ホーム > アーティスト > 演奏家（クラシック） > アルフレッド・ブレンデル (Alfred Brendel)
Alfred Brendel’s parents were not musical and he was not a child prodigy. Due to his father’s work, Brendel and his family moved around Yugoslavia and Austria, and whilst in Zagreb young Alfred began piano lessons with Sofia Dezelic. When the family then moved to Graz, Brendel enrolled at the Graz Conservatory and made his début in the city at the age of seventeen. He never studied with a famous teacher, and from the time he left the Graz Conservatory his only influence was the pianist Edwin Fischer.
His formative years were spent studying the lives of the great composers and listening to recordings, particularly those of Edwin Fischer, Alfred Cortot and Artur Schnabel. In 1949 he attended a master-class by Edwin Fischer in Lucerne and has always credited Fischer as the most important pianistic influence in his life. In the same year, he entered the Busoni Competition in Bolzano and was awarded third prize. During the 1950s Brendel had some success as a touring pianist in Europe but did not make his London début until 1958. However, during the 1950s he was working very hard at building repertoire, and by the early 1960s he was playing all the Beethoven piano sonatas in public. By playing the complete set across eight concerts in London’s Wigmore Hall in 1962, Brendel carved himself a niche; and his recordings for Vox made between 1958 and 1964, of all of Beethoven’s solo piano works, raised his profile immeasurably on the international scene. From then until the present day Brendel has been in demand throughout the world as a soloist, often performing the complete sonatas and concertos of Beethoven. He has lived in London since he moved there in 1972. In the early 1980s Brendel played the complete Beethoven sonatas in ten major European cities, and he has also given series of recitals devoted exclusively to Schubert throughout Europe, Japan, America and Canada. The centenary of Liszt’s death saw Brendel giving many recitals devoted to the music of this composer. He has received honorary degrees from the universities of Sussex, London and Oxford.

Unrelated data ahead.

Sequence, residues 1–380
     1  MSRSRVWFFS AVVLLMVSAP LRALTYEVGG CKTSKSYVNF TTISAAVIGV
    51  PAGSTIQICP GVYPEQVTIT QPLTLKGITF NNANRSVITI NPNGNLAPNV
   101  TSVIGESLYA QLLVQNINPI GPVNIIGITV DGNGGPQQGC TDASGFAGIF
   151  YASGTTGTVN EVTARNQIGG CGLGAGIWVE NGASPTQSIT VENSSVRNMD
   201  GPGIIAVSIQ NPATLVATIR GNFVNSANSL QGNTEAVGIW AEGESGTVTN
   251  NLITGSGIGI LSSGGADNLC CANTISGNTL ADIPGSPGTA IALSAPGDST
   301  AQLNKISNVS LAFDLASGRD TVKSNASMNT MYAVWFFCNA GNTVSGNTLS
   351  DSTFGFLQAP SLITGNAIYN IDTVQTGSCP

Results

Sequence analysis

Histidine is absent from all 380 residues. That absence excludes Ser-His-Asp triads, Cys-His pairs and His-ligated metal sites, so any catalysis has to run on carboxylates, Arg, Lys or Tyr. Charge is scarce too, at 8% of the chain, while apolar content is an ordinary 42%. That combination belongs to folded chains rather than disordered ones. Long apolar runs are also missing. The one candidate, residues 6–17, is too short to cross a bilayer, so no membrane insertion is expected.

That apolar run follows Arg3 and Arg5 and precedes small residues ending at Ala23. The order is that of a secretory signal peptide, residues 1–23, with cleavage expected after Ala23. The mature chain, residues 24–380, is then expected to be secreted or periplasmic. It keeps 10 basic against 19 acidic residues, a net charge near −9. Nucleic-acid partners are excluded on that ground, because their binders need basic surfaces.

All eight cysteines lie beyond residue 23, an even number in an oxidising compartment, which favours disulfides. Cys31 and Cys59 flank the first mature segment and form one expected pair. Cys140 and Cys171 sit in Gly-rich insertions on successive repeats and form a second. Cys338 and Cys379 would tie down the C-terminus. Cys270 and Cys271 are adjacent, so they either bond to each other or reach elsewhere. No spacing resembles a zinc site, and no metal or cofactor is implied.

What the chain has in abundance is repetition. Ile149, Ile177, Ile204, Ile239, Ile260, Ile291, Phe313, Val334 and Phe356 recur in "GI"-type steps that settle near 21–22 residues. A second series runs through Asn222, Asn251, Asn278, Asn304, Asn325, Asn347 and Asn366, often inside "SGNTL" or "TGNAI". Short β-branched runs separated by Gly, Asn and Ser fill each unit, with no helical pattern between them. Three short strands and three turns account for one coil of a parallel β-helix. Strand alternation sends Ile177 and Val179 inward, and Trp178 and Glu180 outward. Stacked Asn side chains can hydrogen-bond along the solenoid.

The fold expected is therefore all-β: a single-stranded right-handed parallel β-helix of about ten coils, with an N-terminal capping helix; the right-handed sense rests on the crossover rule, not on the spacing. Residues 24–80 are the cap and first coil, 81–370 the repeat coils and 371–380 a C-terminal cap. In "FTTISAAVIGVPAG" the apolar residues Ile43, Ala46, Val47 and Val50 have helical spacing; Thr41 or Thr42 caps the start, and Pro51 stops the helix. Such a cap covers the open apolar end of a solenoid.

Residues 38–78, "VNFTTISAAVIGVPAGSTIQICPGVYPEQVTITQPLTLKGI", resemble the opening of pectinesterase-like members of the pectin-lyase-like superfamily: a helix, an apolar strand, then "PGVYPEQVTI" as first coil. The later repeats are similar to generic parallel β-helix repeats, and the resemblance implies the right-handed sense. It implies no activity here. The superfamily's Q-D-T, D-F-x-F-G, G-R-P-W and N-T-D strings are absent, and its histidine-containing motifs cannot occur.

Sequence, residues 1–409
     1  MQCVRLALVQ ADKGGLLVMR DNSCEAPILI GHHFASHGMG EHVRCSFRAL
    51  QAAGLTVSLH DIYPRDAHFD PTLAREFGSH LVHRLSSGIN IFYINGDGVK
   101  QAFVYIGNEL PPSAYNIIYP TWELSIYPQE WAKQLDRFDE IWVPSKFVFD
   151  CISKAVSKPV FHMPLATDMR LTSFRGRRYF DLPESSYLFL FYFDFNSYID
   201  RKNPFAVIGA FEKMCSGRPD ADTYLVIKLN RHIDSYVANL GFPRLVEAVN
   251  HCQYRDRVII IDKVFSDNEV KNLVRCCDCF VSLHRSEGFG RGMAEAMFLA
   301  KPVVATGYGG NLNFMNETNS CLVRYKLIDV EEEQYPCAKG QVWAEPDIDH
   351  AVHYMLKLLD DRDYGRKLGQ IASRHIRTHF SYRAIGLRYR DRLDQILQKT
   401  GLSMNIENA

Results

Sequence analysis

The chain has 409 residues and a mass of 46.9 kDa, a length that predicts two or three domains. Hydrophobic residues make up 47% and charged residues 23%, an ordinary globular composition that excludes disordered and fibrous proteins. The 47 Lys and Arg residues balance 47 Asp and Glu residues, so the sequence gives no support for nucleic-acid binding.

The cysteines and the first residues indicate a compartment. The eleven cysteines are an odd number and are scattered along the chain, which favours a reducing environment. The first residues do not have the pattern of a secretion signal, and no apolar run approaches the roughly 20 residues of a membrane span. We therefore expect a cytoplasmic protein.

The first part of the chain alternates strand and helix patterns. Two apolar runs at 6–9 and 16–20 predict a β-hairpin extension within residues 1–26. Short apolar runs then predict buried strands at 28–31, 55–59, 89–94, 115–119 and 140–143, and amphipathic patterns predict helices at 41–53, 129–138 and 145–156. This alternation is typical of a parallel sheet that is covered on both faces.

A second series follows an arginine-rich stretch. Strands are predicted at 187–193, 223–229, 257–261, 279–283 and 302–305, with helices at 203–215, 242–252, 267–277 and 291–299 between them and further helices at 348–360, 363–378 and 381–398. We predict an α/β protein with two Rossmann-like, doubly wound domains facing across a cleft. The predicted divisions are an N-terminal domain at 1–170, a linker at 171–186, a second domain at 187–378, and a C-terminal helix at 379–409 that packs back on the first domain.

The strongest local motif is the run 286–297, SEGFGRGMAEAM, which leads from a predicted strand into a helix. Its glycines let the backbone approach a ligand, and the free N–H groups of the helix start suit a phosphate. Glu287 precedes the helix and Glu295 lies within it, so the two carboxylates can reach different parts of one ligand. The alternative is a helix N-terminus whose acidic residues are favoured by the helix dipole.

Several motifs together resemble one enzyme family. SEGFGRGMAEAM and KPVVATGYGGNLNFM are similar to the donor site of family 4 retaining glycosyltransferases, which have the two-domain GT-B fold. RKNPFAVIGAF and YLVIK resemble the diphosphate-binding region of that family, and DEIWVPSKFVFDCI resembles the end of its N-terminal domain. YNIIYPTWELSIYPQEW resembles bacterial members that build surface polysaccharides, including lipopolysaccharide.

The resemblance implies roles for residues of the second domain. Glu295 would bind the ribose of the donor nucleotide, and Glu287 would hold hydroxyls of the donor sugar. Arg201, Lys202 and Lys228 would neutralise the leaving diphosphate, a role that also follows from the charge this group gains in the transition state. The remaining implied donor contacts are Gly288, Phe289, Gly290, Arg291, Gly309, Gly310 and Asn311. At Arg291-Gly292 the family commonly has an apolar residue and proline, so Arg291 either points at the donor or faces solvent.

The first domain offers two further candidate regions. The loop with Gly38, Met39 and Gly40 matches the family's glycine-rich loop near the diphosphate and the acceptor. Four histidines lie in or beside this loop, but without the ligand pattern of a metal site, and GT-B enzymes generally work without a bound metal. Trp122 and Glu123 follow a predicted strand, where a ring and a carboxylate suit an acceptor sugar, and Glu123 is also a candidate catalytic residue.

Although largely based around Beethoven and Schubert, Brendel’s repertoire also includes Bach, Liszt and Busoni. In fact, after Beethoven and Schubert, Liszt is the composer most associated with Brendel. Only early in his career did he play Chopin and virtuoso Russian works, such as Stravinsky’s Three Movements from Petrushka, Mussorgsky’s Pictures at an Exhibition, and Balakirev’s Islamey; and today he rarely performs French music and only a few contemporary works by Schoenberg and Berg. He knows what he does best and what his audiences want to hear from him, and in Beethoven and Schubert particularly Brendel is able to realise his belief that the music and message of the composer are the most important things: not the piano or the performer.
Brendel follows in the line of Schnabel and Fischer as a cerebral pianist rather than one whose playing is based solely on his emotions; but he takes this idea further, causing some critics to complain of a lack of tone, colour and emotional depth. He is, without doubt, an intelligent musician whose wit and humour is apparent in his writings Musical Thoughts and Afterthoughts (1976) and Music Sounded Out (1990).
Brendel’s discography is huge. His first series of recordings was made for the American company Vox and recorded in Vienna. In the late 1950s he recorded both concertos by Liszt as well as his Totentanz, Malédiction and arrangement of Schubert’s ‘Wanderer’ Fantasy, all for piano and orchestra. In addition to Liszt’s Piano Sonata in B minor and operatic paraphrases and transcriptions, Brendel recorded some of the late piano pieces, which were even more rarely heard then than they are now.
Brendel excels in the larger works of Beethoven, such as the ‘Hammerklavier’ Sonata Op. 106 and ‘Diabelli’ Variations Op. 120.
Having recorded for Philips for more than thirty years, his catalogue with that company is large, and the recording of The Art of Alfred Brendel on twenty-five compact discs gives an excellent overview of his work. Included in the survey are five sets of works by Mozart and Haydn, Beethoven, Schubert and Liszt. The final set of five discs contains music by Brahms (both piano concertos) and Schumann (the Piano Concerto Op. 54 and many of the major works, including the Fantasie in C major Op. 17). Sometimes Brendel does not seem to reveal the conflicts and inner struggles inherent in Schumann’s music, where an academic approach can override the fantastical elements, but one is always aware that Brendel’s combination of intelligence and humour underlines everything he plays.
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